Going back to the prep in the fridge, I took a few more sips through the straw. Why was it taking so long to drink this stuff? If this were water I could have drank the whole thing in five minutes. I think the straw is actually slowing the process down. I ditched the straw and was able to drink the prep much faster. A few gulps later I was half-way done with the first round. I put the container back in the fridge since the colder the prep was the less bad it tasted. It’s now about 6:20 PM and I suddenly felt a strange grumbling in my lower abdomen…

I was surprised at how fast this stuff works! I figured it would take an hour or so to have any effect, or at least give me some warning first. I was wrong on both counts! With 8 oz. of the nasty stuff down so-far, I was lucky that my bathroom was only a few steps away! Immediate watery diarrhea was the result. The thing I wasn’t expecting was the total lack of pain, cramps, or any discomfort whatsoever. It was as someone just opened the faucet, then closed it again. Magic!

I finished the rest of that evening’s prep over the following 20-30 minutes in between several other sprints to the bathroom. The prep was definitely easier to drink when cold straight out of the fridge. It was about 7PM and the bowel movements were coming fast and furious now. I also noticed that I was incredibly thirsty all of a sudden. I chugged 32 ounces of room temperature Gatorade in about five minutes flat. I wanted more, but only had tomorrow’s ration in the house. Therefore I drank a glass or two of water. By 9PM, all was quiet. I mixed tomorrow morning’s prep and put it in the fridge to chill overnight. I woke from sleep around 1AM for one more small bowel movement, but it was no big deal. I actually got decent sleep.

The next morning, I woke up at my usual time of 5AM. I drank 2 cups of black coffee as soon as I woke up. This was followed by another 16 oz. of Suprep over the next 45 minutes. I would gulp down about 4 oz. at a time, then rest for 10-15 minutes and repeat until done. This time, the bowel movements started immediately after taking the first bit of the prep and were mainly yellowish water. Another 32 oz. of Gatorade down the hatch and the process was complete. The last 2-3 bowel movements were literally clear water, like as clear as the water that comes out of the faucet. Cool, I did it!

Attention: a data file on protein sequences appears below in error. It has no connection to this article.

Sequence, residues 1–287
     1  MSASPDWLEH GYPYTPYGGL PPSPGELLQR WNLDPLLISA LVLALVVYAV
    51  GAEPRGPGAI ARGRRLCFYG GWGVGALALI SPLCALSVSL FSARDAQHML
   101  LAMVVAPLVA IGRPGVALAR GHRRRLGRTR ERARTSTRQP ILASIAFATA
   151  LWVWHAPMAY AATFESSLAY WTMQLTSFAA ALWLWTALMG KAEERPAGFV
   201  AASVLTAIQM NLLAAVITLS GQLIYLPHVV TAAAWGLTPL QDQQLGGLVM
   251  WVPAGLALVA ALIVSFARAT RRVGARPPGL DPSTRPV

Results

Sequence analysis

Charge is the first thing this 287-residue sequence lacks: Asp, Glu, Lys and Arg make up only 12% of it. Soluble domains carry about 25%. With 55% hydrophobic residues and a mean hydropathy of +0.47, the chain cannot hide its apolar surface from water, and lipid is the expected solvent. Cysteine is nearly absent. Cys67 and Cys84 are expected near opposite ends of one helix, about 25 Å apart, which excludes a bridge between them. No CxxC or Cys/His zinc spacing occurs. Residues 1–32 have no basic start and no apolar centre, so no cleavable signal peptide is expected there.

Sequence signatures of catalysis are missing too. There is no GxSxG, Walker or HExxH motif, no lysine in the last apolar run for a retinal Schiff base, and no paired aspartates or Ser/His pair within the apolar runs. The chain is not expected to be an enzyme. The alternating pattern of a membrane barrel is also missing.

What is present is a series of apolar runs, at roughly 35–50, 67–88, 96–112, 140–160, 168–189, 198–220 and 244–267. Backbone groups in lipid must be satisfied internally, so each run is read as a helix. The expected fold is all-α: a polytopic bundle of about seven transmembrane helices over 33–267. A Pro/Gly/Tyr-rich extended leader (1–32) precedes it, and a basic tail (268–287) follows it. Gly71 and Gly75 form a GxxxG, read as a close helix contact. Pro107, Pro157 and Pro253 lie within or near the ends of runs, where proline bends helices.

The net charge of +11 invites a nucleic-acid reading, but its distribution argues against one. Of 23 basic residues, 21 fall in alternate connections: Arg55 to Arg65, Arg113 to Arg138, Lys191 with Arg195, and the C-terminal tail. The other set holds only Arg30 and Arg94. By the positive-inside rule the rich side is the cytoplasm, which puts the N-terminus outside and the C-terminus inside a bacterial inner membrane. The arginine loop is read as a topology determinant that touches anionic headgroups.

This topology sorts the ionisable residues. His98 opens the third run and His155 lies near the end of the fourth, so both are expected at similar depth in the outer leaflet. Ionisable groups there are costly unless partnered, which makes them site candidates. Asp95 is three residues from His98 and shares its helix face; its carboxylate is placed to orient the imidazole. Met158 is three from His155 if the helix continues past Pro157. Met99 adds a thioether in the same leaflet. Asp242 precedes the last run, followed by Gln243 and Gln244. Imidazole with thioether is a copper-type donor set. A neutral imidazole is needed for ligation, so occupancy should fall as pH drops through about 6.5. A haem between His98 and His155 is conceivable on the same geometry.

Now would be a good time to talk about a study from a few years back. Thinking that improving the tolerance of the prep would remove one of the classic barriers for some people to do colonoscopy as well as decrease the number of broken appointments and inadequate preps, researchers randomized patients into two groups: One group received a clear liquid diet the entire day prior, and the other was able to eat a light breakfast and lunch with several food restrictions the day prior. Both groups then completed the standard bowel prep. The study showed exactly what we would expect: The people who starved all day were miserable, the people who ate a little were less miserable, and the quality of the bowel preps achieved were the same between the groups! The most interesting finding was that the group of patients who were restricted to only having clear liquids cancelled their appointments more than twice as frequently as the patients that were allowed to eat just a little. Hunger is a powerful force to compete with!

Now before you eat a bacon cheeseburger with fries, corn on the cob, and a salad the day before your colonoscopy, it’s very important to understand that these subjects (and yours truly) ate a very limited diet the day before the colonoscopy. Fibrous foods such as any fruits or vegetables are not allowed. Seeds, nuts, whole grains, fresh or dried herbs/seasonings, popcorn, and the like are definitely not allowed. Corn is probably the worst thing one can eat the day before having a colonoscopy!

What kind of foods are OK to eat the day before the colonoscopy? Low residue foods (low roughage) are ideal; these are processed flours (white bread, etc.), white rice, pasta, yogurt, gelato, and related snacks, eggs, lean meats, and other foods. A light breakfast is fine. A light snack around lunch time is OK too, but after that it’s clear liquids only. That means “dinner” is clears only: You don’t want food and bowel prep in your stomach at the same time, trust me.

So back to the title of this article: A gastroenterologist cheats on the colonoscopy prep and wins! Did I really cheat? I guess not, since it seems that research backs up what I did! But did I win? Can you ever call getting a colonoscopy “winning?” I guess it depends on the findings. I did, however, have an excellent bowel prep!